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Valium Addiction and Abuse in Orlando

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Last Updated - 6/17/2022

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Valium is a benzodiazepine medication often prescribed for seizures and anxiety disorders. Benzodiazepines like Valium work by slowing down the transmission of neurons (brain and nerve cells). By slowing neuron transmission, Valium treats seizures and creates a sense of relaxation.

Because benzodiazepines can cause a sense of euphoria, some people decide to misuse drugs like Valium. Prolonged misuse can lead to dependence and addiction, and these conditions are often difficult to recover from alone. Fortunately, Valium addiction treatment and recovery services are available at the Orlando Recovery Center.

Understanding Valium Addiction

While Valium has some prescribed medical uses, it is a Schedule IV controlled substance that can be addictive. Due to this addictive potential, Valium and other benzodiazepines are primarily designed for short-term use. In most cases, a doctor will not prescribe Valium for more than a few weeks. This is because the longer someone uses it, the more likely they are to become addicted.

How does Valium work?

Valium boosts the activity of gamma-aminobutyric acid (GABA), a brain chemical that transmits messages through the body. If someone doesn’t have enough GABA, they can experience anxiety. Since Valium increases the effects of GABA, it can therefore reduce feelings of anxiety. Valium can also slow brain activity, which is why side effects include drowsiness.

What is Valium prescribed for?

Valium is prescribed for a number of different reasons, including:

  • Alcohol withdrawal
  • Anxiety
  • Insomnia
  • Neuroleptic malignant syndrome
  • Seizures
  • Serotonin syndrome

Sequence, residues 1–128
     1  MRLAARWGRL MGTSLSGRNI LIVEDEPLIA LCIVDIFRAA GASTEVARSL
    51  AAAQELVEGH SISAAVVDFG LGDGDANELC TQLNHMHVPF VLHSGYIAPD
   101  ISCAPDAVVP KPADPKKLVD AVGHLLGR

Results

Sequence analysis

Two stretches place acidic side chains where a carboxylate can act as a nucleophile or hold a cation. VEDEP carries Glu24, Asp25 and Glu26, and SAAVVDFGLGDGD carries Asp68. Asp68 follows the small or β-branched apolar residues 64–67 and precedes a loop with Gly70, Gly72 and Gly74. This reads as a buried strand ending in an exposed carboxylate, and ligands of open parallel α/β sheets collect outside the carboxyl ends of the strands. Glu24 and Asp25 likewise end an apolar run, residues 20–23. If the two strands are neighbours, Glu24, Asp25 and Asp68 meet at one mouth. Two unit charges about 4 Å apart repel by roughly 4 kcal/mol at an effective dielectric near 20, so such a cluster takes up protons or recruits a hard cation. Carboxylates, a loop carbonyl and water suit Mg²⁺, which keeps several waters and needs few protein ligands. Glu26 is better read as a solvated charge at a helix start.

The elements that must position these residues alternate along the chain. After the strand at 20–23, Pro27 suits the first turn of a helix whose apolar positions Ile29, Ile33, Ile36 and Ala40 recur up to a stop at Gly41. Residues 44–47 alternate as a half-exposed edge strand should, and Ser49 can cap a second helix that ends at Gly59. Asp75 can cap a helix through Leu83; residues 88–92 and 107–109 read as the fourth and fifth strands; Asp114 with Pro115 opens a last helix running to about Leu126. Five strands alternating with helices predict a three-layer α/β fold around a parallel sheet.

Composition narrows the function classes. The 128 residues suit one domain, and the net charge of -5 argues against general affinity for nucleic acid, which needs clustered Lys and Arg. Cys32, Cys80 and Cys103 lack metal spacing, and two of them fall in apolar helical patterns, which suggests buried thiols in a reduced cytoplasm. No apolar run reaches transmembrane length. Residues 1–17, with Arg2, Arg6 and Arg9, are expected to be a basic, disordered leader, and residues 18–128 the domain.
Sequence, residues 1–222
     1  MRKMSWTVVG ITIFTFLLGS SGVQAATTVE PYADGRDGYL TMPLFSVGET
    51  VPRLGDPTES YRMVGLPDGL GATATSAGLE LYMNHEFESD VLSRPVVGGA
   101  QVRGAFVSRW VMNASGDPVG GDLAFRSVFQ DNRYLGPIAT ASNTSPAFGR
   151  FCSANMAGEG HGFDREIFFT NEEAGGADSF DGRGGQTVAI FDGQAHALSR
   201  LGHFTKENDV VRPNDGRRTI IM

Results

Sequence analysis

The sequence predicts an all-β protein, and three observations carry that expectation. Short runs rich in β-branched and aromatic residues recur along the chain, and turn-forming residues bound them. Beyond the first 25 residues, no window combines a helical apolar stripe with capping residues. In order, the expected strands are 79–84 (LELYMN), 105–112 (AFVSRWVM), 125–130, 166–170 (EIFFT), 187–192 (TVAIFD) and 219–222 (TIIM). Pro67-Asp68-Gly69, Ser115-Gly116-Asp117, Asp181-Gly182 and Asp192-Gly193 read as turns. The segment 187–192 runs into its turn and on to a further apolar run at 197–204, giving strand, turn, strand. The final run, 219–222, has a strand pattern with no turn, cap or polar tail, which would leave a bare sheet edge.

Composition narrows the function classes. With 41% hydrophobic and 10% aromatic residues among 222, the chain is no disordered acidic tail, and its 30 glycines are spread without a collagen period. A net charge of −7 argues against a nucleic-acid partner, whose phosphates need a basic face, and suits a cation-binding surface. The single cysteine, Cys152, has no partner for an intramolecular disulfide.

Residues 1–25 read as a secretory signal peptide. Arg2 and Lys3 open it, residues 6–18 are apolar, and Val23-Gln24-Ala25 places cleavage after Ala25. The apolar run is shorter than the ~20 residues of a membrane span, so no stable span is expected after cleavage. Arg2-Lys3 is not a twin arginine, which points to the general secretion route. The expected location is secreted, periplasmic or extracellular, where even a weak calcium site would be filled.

Among these conditions, Valium is most commonly prescribed for anxiety and alcohol withdrawal. Typically, the drug is only used on a short-term basis due to the risk of addiction.

Why Is Valium Addictive?

Valium is addictive because it can create pleasant feelings or even a sense of euphoria, especially when misused. Substances that have this effect can trigger a reward response in the brain. When this occurs, the brain wants to compulsively seek out the stimulus that led to pleasant feelings, which is how addiction forms. The longer a person uses Valium, the more likely they are to become addicted to it.

The drug can also cause a physical dependence to develop over time. When someone’s brain and central nervous system are repeatedly exposed to the effects of Valium, a need to continue using it develops. This is dependence. If a person becomes dependent on Valium and then reduces their dosage or stops using it suddenly, they’re likely to go through withdrawal symptoms. Many people who are addicted to Valium are also physically dependent on the substance.

How Prevalent Is Valium Misuse?

According to the National Institute on Drug Abuse (NIDA), 16% of adult overdose deaths involved benzodiazepines in 2019. Mixing benzodiazepines with other drugs also greatly increases the risk of deadly overdoses. NIDA states that those who take both benzodiazepine and opioid prescriptions are 10 times more likely to suffer a fatal overdose compared to people who only take an opioid.